Old School

The Campaign *** (out of five)

The Campaign, the new comedic venture from Gary Sanchez Productions (Will Ferrell and Adam McKay’s company) and Everyman Pictures, and under the direction of Jay Roach (Austin Powers, Meet the Parents), stars Ferrell and Zach Galifianakis as two candidates up for a congressional seat in North Carolina. Ferrell’s Cam Brady is not only the incumbent, he’s used to running unopposed; Galifianakis’ Marty Huggins (a terrific comedy name by any measure) is a stooge, set up to run by two brothers (John Lithgow and Dan Aykroyd, whose casting obviously references the older brothers played by Don Ameche and Ralph Bellamy in Trading Places) who wish to use him to draft laws allowing them to sell huge chunks of the state to China so they can build a mega-sweatshop. Along the campaign trail, mirth – and occasional hilarity – ensues.

The Campaign is far from the smartest comedy ever made about American politics, but it’s not trying for that distinction. Its natural shelf-mates are Anchorman and The Good Guys (both Ferrell / McKay ventures) rather than Bob Roberts, The Candidate or Bulworth, let alone Being There. The comedy is broad and coarse, and often extremely funny. Ferrell’s Cam Brady is a buffoon, and Galifianakis’ Huggins is famous for pooing his pants when he gets tickled. So sharp satire it ain’t. Rather, it’s big, over-the-top, goofball, “dumb” comedy that happens to be set during an election. It could have been set almost anywhere; the point if the conflict between the two mismatched candidates, and they work very well off each other. There’s strong support from Dylan McDermott as a slick campaign manager, Katherine LaNasa as Cam’s sexy, scheming, politically aroused wife, Jason Sudeikis as Cam’s small-town but honest campaign manager, and, particularly funny despite very little screen time, Brian Cox as Marty’s dad.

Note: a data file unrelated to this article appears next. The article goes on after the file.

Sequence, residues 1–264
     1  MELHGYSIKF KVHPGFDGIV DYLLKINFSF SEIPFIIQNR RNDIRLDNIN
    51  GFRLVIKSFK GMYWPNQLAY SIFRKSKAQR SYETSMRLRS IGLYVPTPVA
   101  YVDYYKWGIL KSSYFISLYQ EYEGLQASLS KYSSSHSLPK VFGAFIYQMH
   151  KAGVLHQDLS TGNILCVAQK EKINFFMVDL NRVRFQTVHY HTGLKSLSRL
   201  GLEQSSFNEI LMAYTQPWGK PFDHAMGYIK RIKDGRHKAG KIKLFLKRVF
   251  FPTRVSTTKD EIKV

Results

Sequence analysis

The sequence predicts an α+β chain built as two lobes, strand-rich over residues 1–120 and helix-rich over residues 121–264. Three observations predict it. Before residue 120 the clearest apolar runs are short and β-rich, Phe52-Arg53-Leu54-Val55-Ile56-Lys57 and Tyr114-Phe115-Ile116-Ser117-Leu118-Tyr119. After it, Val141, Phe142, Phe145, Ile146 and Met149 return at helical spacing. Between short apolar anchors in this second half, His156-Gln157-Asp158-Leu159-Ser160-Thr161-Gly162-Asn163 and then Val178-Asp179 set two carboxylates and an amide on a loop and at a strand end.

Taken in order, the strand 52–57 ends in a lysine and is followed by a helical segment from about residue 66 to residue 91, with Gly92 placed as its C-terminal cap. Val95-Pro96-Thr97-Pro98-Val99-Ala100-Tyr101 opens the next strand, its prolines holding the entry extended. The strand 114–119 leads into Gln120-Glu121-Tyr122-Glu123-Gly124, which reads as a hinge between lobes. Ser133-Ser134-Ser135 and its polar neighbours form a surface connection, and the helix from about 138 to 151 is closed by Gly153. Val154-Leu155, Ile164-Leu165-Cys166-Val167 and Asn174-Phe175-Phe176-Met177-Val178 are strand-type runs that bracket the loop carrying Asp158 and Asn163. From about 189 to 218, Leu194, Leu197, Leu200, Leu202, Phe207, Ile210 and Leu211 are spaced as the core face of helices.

While there are some arid stretches between really good jokes, and definitely a few formulaic elements that swim against the film’s edgy credentials (it’s at its bet when its at its most outrageous), there are some deliriously funny scenes that certainly put it in the list of Ferrell and McKay’s “plus” column. It might not make you any more of an insider to the workings of American politics, but it will make you laugh.

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